Editor’s note: This text-based course is a transcript of the webinar, Stress, Trauma, and Mindfulness: Self-Care for Healthcare Professionals, presented by Nicole Steward, MSW, RYT.
After this course, participants will be able to:
- Explain stress and levels of stress, including symptoms, impacts, and trauma.
- Explain the basics of the three-part brain model and each level's attributes.
- Describe stressors and implement self-care tools to calm the brain and body.
Introduction & Grounding
I want to begin this course with a grounding exercise since we are going to address stress and trauma for the next hour. Take a moment; hopefully, you are in a setting where you can be seated. Sit up nice and tall with both feet flat on the floor and your back into the chair. Take a moment to come into this space, recognizing and applauding yourself for being here because you understand the importance and need for self-care. Take three deep breaths. Nice deep inhales through the nose and exhales through the mouth. Inhale through the nose, and exhale through the mouth. On this last inhale, taking it in through the nose, see if we can drop our shoulders away from the ears on the exhale. Good, I hope that felt as good for you as it did for me. Those of us who have entered into a helping or healing profession such as healthcare, often come for two reasons. Perhaps we did not have a great childhood and want to ensure others do not experience what we did. Or the opposite, we had an enjoyable childhood experience, and want to ensure everyone experiences the health and well-being we did. That is where self-care and mindfulness come in. We need to practice self-care so that none of our personal issues spread into the workspace with our patients.
Stress & Trauma
Stress is a state of mental or emotional strain and tension resulting from adverse or very demanding circumstances. Being stressed is not a normal state, even though it may feel like it in today's world. Stress is caused by adverse experiences and is a reaction to a stimulus that disturbs our physical or mental equilibrium. This experience generally refers to a psychological perception of pressure because each of us has a different viewpoint. We have different outlooks in certain situations and environments. The body's response to stress involves multiple systems: metabolism, muscle, and memory. Every time we experience a highly toxic level of stress, that causes long-term impacts on our health and well-being. I want to discuss the levels of stress because the term often carries a negative connotation. Stress is not always bad; some stress is positive.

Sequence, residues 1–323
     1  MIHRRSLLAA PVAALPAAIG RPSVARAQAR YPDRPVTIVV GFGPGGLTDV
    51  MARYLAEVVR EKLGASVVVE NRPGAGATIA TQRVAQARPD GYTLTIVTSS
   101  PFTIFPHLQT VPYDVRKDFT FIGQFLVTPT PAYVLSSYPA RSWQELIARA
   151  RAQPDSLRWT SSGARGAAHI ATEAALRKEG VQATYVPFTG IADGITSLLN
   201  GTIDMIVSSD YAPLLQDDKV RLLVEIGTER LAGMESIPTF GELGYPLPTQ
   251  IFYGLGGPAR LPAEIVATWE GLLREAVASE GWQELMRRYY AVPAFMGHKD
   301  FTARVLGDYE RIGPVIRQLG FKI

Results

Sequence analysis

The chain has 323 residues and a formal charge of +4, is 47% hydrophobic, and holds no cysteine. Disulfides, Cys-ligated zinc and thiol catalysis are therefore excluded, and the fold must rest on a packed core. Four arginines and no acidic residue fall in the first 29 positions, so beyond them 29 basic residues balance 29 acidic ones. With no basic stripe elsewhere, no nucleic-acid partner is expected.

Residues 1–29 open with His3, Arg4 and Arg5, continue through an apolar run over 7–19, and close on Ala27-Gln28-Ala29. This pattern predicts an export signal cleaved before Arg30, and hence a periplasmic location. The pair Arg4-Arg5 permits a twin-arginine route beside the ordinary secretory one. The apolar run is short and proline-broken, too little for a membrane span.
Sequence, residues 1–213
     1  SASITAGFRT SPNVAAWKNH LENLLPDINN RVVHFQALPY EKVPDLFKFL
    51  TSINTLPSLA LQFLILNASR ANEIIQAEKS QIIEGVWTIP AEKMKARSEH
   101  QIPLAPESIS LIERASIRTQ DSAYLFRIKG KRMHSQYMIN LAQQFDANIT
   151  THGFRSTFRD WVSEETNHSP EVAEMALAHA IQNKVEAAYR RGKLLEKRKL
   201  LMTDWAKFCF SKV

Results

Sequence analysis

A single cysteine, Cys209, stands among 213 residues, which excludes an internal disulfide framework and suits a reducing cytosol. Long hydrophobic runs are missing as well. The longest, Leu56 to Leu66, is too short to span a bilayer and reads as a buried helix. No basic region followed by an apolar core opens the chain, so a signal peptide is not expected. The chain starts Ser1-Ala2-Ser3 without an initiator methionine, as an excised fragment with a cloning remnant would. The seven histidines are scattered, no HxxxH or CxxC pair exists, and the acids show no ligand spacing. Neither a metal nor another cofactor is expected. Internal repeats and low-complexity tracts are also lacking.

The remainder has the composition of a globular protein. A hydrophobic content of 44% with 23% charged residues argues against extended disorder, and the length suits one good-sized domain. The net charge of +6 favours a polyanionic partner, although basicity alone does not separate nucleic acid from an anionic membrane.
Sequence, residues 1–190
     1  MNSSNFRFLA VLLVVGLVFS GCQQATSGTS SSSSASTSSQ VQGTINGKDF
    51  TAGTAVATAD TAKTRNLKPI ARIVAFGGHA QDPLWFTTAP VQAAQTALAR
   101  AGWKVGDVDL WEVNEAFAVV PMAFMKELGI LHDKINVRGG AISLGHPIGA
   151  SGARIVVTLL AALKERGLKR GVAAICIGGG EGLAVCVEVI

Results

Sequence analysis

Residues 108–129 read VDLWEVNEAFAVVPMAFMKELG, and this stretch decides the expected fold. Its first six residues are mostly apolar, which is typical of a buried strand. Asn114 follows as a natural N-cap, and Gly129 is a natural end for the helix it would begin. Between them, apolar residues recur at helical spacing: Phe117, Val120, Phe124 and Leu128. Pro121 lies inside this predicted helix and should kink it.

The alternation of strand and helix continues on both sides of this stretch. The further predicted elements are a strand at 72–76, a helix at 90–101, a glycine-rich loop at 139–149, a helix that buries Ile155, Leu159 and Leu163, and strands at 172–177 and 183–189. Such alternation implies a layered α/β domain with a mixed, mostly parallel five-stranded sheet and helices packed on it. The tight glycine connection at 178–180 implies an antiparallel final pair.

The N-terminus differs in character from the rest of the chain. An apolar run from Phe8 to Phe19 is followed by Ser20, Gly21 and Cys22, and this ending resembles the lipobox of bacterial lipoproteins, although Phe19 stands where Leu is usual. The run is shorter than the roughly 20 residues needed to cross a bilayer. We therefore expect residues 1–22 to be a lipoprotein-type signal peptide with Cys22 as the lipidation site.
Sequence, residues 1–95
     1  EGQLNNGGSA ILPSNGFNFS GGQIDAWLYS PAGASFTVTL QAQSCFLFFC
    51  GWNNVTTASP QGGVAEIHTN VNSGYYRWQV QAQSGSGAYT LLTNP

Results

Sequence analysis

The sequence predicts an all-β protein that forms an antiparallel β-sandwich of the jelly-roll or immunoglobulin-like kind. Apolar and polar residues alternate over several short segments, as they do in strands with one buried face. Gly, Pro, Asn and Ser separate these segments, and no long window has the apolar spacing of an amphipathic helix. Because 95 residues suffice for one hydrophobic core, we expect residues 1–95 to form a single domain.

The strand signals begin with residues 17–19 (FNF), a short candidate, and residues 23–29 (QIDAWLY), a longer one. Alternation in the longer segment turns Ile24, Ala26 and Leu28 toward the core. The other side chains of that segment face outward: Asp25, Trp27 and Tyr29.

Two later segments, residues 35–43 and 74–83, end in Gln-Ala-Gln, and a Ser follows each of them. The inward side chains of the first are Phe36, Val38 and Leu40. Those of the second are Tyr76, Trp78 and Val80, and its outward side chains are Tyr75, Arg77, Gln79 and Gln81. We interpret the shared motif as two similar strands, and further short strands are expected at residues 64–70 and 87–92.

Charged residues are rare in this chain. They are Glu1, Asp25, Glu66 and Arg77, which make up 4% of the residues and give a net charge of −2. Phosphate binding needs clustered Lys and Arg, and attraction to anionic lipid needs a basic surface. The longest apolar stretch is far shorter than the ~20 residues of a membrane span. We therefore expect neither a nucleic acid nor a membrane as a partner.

This type of stress creates a brief increase in the stress response, which could be a quickened heart rate or shallow breathing. Positive stress is a limited or perceived threat, but once the threat has passed and the problem is solved, we return to our normal state. Generally, we can handle positive stress. Those stress hormones dissolve in our body, and the heart rate returns to normal.
This type of stress is a temporary increase in the stress response. Typically, tolerable stress is caused by a serious but, temporary threat to safety. Tolerable stress is buffered when we have supportive relationships and resources to deal with the threat posed. This can be preventable if we are aware of the situation arising, and can avoid it. If left unaddressed, tolerable stress can become chronic stress. An example of tolerable stress might be a flat tire on the freeway, and it's only tolerable if you have the resources and relationships to buffer that experience. For example, if I get a flat tire on the freeway, I'm going to panic, but I've got AAA and know those things will be taken care of. Eventually, my tire will get fixed, and I'll be back on the road.
Toxic stress is an overwhelming stress response, which gives stress its negative connotation. This occurs when your body is so overwhelmed. Typically, the heart rate increases, pupils dilate, and you are focused on what's happening that you can't pay attention to anything else. Generally, there is a serious or prolonged threat. Toxic stress removes our ability to cope with what is occurring at the moment. Again, we are overwhelmed, and it pulls us out of our normal ways of thinking and being, which can lead to physical illness or disease. Toxic stress is a prolonged activation of the stress response, which means there is adrenaline and cortisol running through our body without resolution.
Judith Herman's book, Trauma & Recovery defines trauma as "a deeply distressing or disturbing experience" (Herman, 1997). She says traumatic events overwhelmed the ordinary systems of care that give people a sense of control, connection and meaning. Trauma can be a one-time event, or it can be multiple events. A key aspect is being able to recognize that trauma overwhelms our ability to care for ourselves and we feel a loss of control. Trauma pulls us away from being in community with others. Some individuals lose their sense of meaning, purpose, or place in this world when enduring trauma.
When we discuss stress and trauma, certainly we need to consider how it impacts the body and brain. The perception of threat, as I mentioned, is occurring through our senses. Am I smelling, seeing, hearing, tasting or touching something that is a threat? Then our brains figure out if we are safe or how to keep us safe by sending signals to the body. We can either eliminate the threat, or we can move through it and heal on the back end. The brain and body relationship are essential, and it is important to remember that two-way street. Our bodies are communicating to our brains, and our brains are communicating to our bodies.